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Aug 28th 2007

Peace in the Middle East II: Is the peace with Egypt an encouraging example for Israel?

This article is reprinted with permission from FLAME (Facts and Logic About the Middle East). Visit FLAME’s website, factsandlogic.org, to read every one of their excellent articles debunking common misconceptions about the history and current events of the Middle East. — Admin

In the on-again/off-again Mid-East Peace negotiations the Arabs expect that, in exchange for peace, the territories that they consider to be “occupied” by Israel be restored to them, specifically, the so-called “West Bank,” Gaza, and the Golan Heights.

What are the facts?

Peace with Egypt is the coldest possible. For its agreement to make true peace with Israel, Egypt received the huge Sinai Peninsula in which Israel had invested over $10 billion. It had created flourishing cities, some of the most advanced military and naval installations in the world, and had developed oil fields that would have made it energy independent for the foreseeable future. Without firing a shot, Egypt received all of this, plus generous grants from the United States — $40 billion to date. What Egypt gave in return was a piece of paper. And even that was hedged. It would allow Egypt to join in an “Arab War” against Israel. The peace between Israel and Egypt, which the Israelis had envisioned to be like the peace between Germany and France, turned out, unfortunately, to be the “coldest peace” possible. It is less of a peace than a de facto state of non-belligerence. The Israeli ambassador in Cairo is isolated and blacklisted and does not participate in any official functions of the Egyptian government. There is practically no trade between the two countries and no cultural exchange. The public sector of Egypt, which constitutes 80% of the total economy, is forbidden to do business with Israel. Private enterprises are actively discouraged and often threatened when they try to become engaged with Israeli firms. Israeli firms are barred from submitting tenders for local projects. For “security reasons” Israeli firms are not allowed to participate in trade fairs. Although quite a few Israelis visit Egypt, hardly any Egyptians go to Israel since those who do wish to visit are summoned to the security police for lengthy interrogation.

Not forthcoming on diplomatic front. Many Israelis have been killed in Egypt or on the Egyptian border. The Egyptian media, including the official and semi-official press, are full of anti-Israel and anti-Jewish venom, preaching hatred and prejudice. There have been numerous instances of “crazed” Egyptian soldiers shooting up Israeli buses traveling along the border highways, to the general applause of the state-controlled media. On the diplomatic front, the Egyptians aren’t any more forthcoming. Egypt spearheaded the campaign to keeping the “Zionism is racism” resolution in the U.N., contrary to U.S. wishes. Egypt exerts much effort to prevent African countries from establishing or renewing diplomatic relations with Israel. Egyptian diplomats, including Butros-Butros Gahli, now secretary general of the United Nations, lobbied fervently against the loan guarantees that Israel needed to absorb and to settle the hundred of thousands of Jewish refugees who have already arrive or will still arrive from the former Soviet Union.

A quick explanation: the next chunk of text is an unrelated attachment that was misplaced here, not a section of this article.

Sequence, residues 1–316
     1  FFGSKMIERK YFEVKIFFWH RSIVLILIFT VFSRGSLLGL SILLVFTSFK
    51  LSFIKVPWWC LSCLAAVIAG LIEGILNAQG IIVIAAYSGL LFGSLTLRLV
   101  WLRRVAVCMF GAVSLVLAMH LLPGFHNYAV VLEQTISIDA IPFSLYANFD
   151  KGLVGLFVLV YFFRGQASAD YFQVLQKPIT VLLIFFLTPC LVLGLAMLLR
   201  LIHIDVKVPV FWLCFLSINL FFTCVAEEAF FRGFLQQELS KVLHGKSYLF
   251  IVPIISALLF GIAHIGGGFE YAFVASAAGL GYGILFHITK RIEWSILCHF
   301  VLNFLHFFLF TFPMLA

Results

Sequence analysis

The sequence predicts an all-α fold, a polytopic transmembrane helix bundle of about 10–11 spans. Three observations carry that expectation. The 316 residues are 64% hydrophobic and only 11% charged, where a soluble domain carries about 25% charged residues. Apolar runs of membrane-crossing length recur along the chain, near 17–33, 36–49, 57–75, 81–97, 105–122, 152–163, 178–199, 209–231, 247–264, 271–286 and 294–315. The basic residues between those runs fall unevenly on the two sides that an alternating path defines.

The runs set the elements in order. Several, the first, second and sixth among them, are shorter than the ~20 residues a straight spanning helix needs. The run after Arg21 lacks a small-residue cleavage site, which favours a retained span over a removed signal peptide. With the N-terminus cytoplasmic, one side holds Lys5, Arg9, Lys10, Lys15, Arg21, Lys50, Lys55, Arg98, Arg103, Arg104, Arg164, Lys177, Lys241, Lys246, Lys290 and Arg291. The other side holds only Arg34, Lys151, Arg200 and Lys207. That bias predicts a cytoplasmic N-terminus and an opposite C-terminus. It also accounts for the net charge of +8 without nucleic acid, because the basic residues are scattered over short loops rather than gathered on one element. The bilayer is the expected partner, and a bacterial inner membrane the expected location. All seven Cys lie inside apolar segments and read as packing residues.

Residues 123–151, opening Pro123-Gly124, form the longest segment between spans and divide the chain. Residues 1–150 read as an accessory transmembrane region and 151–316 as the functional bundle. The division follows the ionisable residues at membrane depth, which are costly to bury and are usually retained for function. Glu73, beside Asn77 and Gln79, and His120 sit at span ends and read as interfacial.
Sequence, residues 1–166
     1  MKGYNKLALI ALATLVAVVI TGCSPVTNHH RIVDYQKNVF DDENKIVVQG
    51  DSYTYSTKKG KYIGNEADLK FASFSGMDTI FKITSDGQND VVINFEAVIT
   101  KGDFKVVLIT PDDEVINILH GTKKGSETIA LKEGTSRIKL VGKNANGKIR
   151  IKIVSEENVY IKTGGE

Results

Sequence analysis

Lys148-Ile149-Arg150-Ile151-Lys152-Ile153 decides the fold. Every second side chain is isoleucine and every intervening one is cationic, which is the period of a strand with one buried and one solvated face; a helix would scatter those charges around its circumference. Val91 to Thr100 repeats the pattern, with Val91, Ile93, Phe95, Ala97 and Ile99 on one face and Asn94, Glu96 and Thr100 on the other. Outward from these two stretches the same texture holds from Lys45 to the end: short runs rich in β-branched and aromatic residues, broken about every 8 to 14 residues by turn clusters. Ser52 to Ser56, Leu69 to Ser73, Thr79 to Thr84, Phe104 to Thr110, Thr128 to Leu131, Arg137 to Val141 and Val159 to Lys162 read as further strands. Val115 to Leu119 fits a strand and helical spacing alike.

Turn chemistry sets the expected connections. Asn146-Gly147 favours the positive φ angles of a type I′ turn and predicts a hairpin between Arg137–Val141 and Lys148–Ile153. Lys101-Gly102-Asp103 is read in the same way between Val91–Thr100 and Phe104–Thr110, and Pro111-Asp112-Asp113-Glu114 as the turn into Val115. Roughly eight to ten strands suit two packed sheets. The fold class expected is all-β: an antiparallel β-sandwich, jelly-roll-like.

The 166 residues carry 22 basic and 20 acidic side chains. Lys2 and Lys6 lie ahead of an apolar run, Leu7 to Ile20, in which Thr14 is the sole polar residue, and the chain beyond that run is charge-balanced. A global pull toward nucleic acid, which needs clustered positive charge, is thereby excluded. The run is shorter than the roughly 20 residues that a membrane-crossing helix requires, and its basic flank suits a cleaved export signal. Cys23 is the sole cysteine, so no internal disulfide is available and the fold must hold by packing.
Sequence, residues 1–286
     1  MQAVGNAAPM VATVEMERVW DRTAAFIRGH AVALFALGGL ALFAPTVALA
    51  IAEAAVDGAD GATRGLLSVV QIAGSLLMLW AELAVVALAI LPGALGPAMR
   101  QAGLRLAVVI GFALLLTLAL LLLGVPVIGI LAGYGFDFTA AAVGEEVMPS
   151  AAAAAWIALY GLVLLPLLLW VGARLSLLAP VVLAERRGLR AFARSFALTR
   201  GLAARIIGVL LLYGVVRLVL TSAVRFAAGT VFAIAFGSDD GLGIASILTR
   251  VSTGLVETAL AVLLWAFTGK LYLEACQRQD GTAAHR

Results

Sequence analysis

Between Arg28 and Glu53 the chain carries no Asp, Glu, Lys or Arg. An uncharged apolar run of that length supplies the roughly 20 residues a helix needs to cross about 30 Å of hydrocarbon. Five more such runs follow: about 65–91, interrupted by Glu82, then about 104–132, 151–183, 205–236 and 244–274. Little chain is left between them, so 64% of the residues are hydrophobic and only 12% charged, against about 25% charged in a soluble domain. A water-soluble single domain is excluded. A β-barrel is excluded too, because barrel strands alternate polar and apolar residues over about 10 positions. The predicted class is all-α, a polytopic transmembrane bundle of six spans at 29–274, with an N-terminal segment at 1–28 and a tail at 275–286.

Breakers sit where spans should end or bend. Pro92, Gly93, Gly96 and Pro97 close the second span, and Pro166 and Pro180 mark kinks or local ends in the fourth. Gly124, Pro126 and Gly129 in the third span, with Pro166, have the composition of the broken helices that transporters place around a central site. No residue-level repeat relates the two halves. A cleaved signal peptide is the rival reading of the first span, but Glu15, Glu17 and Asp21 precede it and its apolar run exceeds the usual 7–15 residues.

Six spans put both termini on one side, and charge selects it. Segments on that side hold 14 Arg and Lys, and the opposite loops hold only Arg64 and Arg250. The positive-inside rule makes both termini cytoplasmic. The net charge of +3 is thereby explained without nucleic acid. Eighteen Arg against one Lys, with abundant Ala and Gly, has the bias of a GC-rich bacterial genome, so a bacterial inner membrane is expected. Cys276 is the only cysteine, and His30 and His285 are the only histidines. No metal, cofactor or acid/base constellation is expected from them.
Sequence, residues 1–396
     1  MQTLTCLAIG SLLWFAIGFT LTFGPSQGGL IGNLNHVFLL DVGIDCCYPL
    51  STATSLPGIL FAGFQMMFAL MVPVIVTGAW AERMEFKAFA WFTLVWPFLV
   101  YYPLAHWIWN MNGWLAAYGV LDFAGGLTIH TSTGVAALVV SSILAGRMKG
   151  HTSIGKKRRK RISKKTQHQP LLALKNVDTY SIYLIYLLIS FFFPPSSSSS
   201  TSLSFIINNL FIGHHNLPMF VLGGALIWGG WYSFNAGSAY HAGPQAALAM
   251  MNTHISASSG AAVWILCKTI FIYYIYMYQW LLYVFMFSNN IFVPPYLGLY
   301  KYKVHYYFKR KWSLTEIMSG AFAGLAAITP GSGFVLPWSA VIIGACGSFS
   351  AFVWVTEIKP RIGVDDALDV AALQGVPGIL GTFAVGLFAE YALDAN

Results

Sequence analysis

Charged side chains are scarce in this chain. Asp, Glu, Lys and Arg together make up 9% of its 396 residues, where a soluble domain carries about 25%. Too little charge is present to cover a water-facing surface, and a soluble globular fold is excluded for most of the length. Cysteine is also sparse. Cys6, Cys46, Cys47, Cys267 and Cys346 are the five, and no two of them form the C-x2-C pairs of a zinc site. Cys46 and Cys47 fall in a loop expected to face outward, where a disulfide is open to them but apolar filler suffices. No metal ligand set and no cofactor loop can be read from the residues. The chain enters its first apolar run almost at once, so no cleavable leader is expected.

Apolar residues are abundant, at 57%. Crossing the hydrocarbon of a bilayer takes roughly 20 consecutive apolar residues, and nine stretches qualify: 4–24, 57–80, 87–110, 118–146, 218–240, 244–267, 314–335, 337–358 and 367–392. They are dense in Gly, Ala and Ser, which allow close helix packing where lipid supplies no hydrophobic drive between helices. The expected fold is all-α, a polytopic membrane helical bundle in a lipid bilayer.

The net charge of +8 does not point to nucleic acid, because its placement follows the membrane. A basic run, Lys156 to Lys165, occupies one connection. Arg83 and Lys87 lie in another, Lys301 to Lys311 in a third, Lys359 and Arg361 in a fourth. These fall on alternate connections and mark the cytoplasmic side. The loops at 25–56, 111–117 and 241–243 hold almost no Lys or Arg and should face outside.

The saving grace for Israel in its very cold peace with Egypt is that the Sinai is very large, and serves as a buffer zone. But in the Golan Heights, which the Syrians wish to have returned in exchange for “peace,” and the “West Bank” and Gaza, which the Palestinians wish to have given to them as a “reward” for stopping the “intifada,” there is no room at all for buffer zones. Although autonomy for the native Arab population is definitely an Israeli policy goal and a commitment under the Camp David Accords, the “West Bank” and Gaza and the Golan cannot possibly be surrendered to another sovereignty for any foreseeable future. It would make Israel totally indefensible. If the peace with Egypt is an example of what peace with Syria or with the Palestinians would look like, Israel’s present government must be commended for proceeding with the greatest caution in the current negotiations and not to entrust its survival to empty promises. Only when the Arabs truly accept Israel as part of the Middle East should any further “land for peace” adjustments be considered.

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